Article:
Police have given “suitable advice” to the makers of I’m A Celebrity… Get Me Out Of Here! following criticism of its use of non-native insects during filming.
A North Wales Police spokesman said producers had been spoken to about their “set management and biosecurity”.
The Guardian reported on Tuesday that the ITV programme, which is being filmed in Wales rather than its usual location in Australia due to coronavirus, was under investigation by the force over the potential release of insects into the wild.
A range of insects have been used during the programme’s notoriously unpleasant trials which have seen large quantities of bugs dumped onto the celebrities as they take part in challenges.
The police statement said: “North Wales Police and Natural Resources Wales have received information regarding the potential release of non-native species into ‘non studio’ areas, and we have given suitable advice to the production team regarding their set management and biosecurity.”
Earlier on Wednesday, Wales’ First Minister Mark Drakeford waded into the row.
“We worked carefully with the production company to make sure that all the rules are being observed,” he said.
“If there have been some infringement then it’s right that they are investigated.
“We would be concerned about non-native species being released.”
Viewers will have seen the stories from Denmark recently about mink and coronavirus
He said that “viewers will have seen the stories from Denmark recently about mink and coronavirus crossing species”.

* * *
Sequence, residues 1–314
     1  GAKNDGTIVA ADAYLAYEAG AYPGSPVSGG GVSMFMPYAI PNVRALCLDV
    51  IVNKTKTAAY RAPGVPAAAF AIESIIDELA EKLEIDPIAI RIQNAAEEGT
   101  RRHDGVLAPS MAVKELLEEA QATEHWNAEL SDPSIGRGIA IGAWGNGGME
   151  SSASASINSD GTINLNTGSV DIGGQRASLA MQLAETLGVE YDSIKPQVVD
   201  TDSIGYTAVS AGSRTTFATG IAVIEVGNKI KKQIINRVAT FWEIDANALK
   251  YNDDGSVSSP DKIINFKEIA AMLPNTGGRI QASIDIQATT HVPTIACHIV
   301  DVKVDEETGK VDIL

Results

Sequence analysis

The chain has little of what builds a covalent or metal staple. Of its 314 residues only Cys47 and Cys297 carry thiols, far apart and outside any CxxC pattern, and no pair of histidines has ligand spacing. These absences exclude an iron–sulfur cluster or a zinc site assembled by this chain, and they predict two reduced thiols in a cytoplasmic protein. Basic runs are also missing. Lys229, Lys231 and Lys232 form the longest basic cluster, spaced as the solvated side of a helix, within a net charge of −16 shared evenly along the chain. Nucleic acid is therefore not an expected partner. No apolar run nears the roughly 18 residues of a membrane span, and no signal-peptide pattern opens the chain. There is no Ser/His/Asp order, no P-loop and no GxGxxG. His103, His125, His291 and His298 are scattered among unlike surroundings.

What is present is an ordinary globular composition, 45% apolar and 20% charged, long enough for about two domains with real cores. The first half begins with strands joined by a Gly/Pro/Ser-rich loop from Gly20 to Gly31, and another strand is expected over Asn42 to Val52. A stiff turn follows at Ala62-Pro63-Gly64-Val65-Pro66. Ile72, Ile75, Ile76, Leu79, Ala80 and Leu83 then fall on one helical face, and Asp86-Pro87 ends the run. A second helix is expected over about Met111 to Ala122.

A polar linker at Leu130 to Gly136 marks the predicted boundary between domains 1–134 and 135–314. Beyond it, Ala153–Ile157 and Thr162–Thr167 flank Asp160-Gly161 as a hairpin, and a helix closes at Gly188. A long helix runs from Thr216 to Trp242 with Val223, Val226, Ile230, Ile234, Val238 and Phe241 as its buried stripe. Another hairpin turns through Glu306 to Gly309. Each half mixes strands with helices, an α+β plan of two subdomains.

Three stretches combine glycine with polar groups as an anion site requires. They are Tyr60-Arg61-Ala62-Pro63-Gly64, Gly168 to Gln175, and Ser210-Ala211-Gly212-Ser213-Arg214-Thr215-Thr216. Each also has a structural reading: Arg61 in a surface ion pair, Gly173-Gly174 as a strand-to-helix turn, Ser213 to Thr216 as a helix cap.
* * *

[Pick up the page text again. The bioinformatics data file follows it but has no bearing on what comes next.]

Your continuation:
He added: “We wouldn’t want to see non-native species being released here in Wales because of the risks that that could pose to the health of other wildlife but potentially, as in the Danish situation, the risk to human health as well.”
But he said the programme “has brought the eyes of people outside Wales to Wales”.
A spokesman for I’m A Celebrity defended its use of bugs on Tuesday.
“All of the insects used on I’m A Celebrity are non-invasive species,” he said.
“They are only ever released in a contained area and collected immediately after filming.
“The bugs are UK-bred and are commercially purchased in the UK for birds and exotic animal feed for pets and zookeepers in normal circumstances.
“Our insects have been donated to local wildlife sanctuaries, trusts and zoos for their exotic animal and bird feed after filming.”
Welsh naturalist and BBC Springwatch presenter Iolo Williams previously raised questions over the programme’s use of the creatures.
Last week he tweeted: “As well as the moral issue of using wild animals for entertainment, surely there are huge ecological issues here also.”
Celebrities including athlete Sir Mo Farah, TV presenter Vernon Kay and journalist Victoria Derbyshire are among the famous faces taking part in this series of the programme.
Filming is taking place at Gwrych Castle near Abergele, north Wales.